25 July 2016
Issue number 880
One year after the restoration of diplomatic relations between Cuba and the US, both sides have called on the other to do more practically to deepen economic and business relations.
In an extended interview in Granma, Josefina Vidal, the Director General for the US division of the Cuban Ministry of Foreign Affairs, said that while preliminary agreements had been reached in sectors such as telecommunications, hotel management and cruise-ship operations, the exploitation of such opportunities remained limited because of the way in which the US continued to apply the trade embargo.
She noted that “in spheres vital to the Cuban economy it was still virtually impossible to export Cuban products to the US” and that with the exception of telecommunications, general licences were not available for US investments in Cuba.
She also said that it had not been possible to normalise banking relations. This meant, she told Granma, that Cuba was still unable to make financial transfers, payments were withheld, and the US continued to impose fines on banks and foreign financial entities that do businesses with the country. The effect was, she said, “intimidatory,” with to date fines totalling US$14.4bnhaving been imposed on the US and foreign entities.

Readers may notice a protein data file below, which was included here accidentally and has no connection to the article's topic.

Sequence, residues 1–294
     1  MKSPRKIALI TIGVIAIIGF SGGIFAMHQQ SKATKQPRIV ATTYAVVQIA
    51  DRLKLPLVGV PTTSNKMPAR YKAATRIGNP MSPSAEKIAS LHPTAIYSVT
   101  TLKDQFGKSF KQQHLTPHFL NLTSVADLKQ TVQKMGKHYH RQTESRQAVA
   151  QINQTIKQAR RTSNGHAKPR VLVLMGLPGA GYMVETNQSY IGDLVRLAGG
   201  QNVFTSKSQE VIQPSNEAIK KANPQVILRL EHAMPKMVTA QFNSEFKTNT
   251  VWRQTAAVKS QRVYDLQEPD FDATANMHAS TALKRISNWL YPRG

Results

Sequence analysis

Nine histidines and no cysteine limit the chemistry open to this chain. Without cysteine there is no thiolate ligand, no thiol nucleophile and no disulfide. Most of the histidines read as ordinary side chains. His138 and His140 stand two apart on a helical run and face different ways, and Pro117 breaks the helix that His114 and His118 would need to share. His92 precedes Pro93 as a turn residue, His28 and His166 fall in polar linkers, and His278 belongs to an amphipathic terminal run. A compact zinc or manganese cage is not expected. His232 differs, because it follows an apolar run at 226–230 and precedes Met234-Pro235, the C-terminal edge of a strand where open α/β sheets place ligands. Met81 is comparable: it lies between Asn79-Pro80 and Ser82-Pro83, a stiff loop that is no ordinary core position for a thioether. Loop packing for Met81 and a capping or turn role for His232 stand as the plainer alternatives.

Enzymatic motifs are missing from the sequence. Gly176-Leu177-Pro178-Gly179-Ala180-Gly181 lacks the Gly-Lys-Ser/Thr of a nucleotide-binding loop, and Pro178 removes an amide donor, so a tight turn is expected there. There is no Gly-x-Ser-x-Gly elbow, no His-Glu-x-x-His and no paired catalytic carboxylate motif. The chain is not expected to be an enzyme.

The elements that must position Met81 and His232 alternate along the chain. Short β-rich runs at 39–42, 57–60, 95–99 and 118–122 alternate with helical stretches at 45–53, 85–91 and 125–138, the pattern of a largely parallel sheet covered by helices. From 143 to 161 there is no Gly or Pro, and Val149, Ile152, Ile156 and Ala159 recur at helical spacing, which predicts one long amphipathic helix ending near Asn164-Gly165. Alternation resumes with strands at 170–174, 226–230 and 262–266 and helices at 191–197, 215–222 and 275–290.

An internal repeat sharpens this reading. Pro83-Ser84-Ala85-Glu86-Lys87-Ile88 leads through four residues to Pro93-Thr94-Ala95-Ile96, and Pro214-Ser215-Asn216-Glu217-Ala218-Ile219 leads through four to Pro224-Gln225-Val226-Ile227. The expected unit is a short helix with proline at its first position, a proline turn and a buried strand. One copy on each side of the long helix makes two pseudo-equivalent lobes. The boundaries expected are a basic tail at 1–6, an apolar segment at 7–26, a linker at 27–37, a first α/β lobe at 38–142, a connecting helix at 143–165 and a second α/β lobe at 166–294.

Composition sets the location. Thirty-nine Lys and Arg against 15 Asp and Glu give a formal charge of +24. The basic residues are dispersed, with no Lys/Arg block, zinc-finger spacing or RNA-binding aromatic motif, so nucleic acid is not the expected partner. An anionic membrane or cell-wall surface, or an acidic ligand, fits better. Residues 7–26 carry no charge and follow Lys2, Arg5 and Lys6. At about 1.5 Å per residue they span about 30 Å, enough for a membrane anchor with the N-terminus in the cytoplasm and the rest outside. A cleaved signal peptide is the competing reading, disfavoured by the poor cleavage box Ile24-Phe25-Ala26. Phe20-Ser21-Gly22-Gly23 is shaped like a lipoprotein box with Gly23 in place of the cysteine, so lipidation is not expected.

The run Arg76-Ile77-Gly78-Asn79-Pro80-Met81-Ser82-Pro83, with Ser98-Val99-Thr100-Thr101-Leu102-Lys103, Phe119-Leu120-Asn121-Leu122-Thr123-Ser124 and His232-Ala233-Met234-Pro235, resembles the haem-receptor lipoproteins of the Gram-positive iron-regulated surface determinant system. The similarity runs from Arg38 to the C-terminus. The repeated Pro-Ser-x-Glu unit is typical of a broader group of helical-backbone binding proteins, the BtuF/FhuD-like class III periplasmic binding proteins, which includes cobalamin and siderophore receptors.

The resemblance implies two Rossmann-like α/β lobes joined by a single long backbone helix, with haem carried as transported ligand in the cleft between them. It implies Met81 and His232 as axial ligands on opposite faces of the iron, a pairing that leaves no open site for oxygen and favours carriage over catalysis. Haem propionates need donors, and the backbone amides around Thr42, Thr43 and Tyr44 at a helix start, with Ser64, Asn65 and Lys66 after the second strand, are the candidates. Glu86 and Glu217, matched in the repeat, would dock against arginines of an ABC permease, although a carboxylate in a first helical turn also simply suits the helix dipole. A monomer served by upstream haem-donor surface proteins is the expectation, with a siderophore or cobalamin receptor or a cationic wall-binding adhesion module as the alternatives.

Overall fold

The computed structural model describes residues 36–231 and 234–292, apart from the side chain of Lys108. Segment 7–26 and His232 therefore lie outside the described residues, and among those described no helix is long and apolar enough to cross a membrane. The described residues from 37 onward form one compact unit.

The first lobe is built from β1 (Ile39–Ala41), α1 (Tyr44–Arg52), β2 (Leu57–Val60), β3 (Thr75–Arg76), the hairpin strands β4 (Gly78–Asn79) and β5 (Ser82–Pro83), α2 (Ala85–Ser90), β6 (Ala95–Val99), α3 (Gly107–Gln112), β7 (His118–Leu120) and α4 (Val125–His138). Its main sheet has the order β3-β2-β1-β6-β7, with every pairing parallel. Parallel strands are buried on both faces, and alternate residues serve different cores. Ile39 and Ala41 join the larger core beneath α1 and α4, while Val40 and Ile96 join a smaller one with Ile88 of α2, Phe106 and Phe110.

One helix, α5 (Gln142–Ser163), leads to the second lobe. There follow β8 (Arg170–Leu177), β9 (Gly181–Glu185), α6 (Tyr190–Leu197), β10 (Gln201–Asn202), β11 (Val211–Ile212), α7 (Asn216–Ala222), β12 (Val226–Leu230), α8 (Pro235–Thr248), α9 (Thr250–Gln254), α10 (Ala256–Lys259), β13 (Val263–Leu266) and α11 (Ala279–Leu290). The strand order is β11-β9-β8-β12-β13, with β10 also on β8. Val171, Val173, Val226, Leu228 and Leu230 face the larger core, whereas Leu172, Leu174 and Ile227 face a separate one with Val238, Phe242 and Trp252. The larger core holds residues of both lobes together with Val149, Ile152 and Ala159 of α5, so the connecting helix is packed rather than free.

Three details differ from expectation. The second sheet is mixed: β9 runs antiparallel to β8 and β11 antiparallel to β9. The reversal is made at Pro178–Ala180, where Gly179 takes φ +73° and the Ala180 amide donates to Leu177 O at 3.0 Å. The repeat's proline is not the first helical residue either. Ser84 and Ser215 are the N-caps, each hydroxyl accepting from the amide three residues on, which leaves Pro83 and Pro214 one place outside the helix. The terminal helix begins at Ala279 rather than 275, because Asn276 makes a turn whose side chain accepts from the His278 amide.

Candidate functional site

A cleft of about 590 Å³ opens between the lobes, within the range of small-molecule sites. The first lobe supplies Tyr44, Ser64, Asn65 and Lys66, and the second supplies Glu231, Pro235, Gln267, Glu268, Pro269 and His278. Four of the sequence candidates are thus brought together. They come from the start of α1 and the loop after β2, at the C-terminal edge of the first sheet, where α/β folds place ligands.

“The US government has failed to issue a political statement or legal document explaining to world banks that operations with Cuba are legitimate, and that they won’t be sanctioned,” she observed.
If President Obama …
This is an extract from the Caribbean Council’s weekly Cuba Briefing, a leading publication that provides detailed and accurate news on economic, social and political developments inside Cuba to corporate interests with a long term economic relationship with the island.
The publication is available internationally on a subscription-only basis for those in business, government and the academic world who wish to understand on a weekly basis developments relating to Cuba.